by Julie Dupuis
A hybrid travelogue and memoir that pieces together the fragmented recollections of one woman’s rocky journey toward vegetarianism. From her rural upbringing in francophone Northeastern Ontario to exotic locations, outlandish adventures, and bizarre meals, Julie relives her struggle to make the right food choices for herself and examines the consequences of her decisions.
WHY SOY SUCKS
I DON’T EAT SOY if I can help it. It’s one of the primary causes of deforestation in the Amazonian rainforest. Moreover, entire communities are getting sick from the chemicals used on the fields. I may not eat meat, but I refuse to get my nutrients from an equally harmful source simply because it’s plant-based.
I’m certainly not a typical vegetarian. Unfortunately, it’s hard to escape soy in South Korea. It’s everywhere, especially in non-meat dishes. Well, if there’s no other option, fine. I’ll eat soy. I won’t seek it out, though.
IT’S OKAY TO KILL animals so long as it’s for food,” says my father. “Killing them for sport is unforgivable.”
“So, then . . . What about poachers? They kill for food.”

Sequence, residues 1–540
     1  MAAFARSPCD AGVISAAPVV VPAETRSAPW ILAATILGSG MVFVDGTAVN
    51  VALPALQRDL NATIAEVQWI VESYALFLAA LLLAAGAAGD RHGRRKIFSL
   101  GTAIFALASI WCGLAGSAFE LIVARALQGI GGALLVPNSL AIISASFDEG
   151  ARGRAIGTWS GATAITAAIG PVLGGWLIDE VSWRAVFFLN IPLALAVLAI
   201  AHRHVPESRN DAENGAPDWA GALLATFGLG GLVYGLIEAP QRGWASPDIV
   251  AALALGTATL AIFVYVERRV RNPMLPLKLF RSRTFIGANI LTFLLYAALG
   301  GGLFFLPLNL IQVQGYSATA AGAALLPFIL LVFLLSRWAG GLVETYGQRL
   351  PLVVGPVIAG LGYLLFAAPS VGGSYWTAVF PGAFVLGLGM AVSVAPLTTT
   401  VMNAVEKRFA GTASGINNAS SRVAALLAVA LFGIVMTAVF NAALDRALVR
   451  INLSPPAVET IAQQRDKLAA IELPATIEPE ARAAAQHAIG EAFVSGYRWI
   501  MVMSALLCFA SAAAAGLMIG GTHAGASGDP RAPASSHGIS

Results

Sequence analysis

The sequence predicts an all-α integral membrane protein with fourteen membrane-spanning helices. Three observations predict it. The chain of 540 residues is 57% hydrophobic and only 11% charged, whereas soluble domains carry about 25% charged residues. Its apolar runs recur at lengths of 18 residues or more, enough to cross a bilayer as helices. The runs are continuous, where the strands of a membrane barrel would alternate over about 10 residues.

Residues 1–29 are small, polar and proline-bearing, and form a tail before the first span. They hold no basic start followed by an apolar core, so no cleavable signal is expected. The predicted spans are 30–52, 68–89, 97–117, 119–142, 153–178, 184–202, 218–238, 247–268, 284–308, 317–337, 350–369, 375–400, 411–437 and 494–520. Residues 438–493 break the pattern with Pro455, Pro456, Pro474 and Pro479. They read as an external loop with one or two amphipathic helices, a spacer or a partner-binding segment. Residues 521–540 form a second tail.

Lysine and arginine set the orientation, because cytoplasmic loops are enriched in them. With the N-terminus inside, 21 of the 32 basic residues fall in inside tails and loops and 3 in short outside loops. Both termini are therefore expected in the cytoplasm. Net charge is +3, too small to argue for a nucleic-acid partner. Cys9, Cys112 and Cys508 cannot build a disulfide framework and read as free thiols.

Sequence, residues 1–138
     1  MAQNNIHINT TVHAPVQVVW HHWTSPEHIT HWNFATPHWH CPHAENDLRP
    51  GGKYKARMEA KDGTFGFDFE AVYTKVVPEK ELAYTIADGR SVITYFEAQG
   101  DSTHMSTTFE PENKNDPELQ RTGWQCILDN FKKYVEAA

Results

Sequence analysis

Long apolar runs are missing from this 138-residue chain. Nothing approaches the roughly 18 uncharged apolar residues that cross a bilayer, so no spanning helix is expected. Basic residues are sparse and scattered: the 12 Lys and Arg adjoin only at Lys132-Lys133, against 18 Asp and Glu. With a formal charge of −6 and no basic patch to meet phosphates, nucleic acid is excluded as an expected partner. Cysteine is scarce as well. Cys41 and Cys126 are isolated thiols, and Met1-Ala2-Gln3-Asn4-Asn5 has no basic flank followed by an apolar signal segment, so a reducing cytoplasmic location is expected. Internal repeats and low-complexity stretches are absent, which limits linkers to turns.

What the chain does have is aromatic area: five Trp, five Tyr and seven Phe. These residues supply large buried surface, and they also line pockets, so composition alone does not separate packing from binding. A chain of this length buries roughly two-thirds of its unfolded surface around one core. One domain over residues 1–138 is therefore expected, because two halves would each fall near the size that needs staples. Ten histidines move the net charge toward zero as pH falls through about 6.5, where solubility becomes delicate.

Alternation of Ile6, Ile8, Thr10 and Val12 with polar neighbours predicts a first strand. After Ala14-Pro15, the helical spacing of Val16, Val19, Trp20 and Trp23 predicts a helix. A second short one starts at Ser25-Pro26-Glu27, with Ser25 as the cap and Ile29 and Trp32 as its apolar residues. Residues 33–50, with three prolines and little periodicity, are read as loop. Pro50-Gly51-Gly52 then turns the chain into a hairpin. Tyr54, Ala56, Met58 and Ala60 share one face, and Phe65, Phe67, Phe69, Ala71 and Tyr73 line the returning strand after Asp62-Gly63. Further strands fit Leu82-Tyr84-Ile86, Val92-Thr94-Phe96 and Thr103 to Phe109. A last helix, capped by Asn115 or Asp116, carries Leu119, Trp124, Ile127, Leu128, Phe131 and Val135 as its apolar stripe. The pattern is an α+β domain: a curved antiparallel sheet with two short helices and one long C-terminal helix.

I’m young but full of ideas.
“Around here, yes. But there are poachers in other parts of the world with different motives. Most of the ones around here—and there aren’t all that many—I don’t have much of a problem with them. They’re usually not wasting the animal. In fact, the government should grant local hunters leniency because we’re not sport hunters. We hunt for food and buy less beef because of it.”
Yes, my father really talks like that. But actually, I’m not sure he said all of that. I got the gist of it, but may have confused some of his ideas with my own. I don’t think I was a teenager yet when we had this conversation.
I think I remember.
I was so young, how can I possibly remember?
Maybe I’m confusing memory with stories and pictures. But I feel like I remember . . .
I’m having a hard time sitting still in the boat. My sister is so much more patient than me. The sun’s out and I want to play. Nothing’s happened in a long time. I tug at my life jacket, squirming away from it, trying to get it off my sticky back.
“I have one! Get the net!”
My sister and I rush to watch my father reel in while my mother stands ready. My brother smiles from his seat, calmly looking on. Or maybe he’s not even there; maybe he wasn’t born yet.
“Oh, boy, it’s a tough one! Get ready, it’s coming!”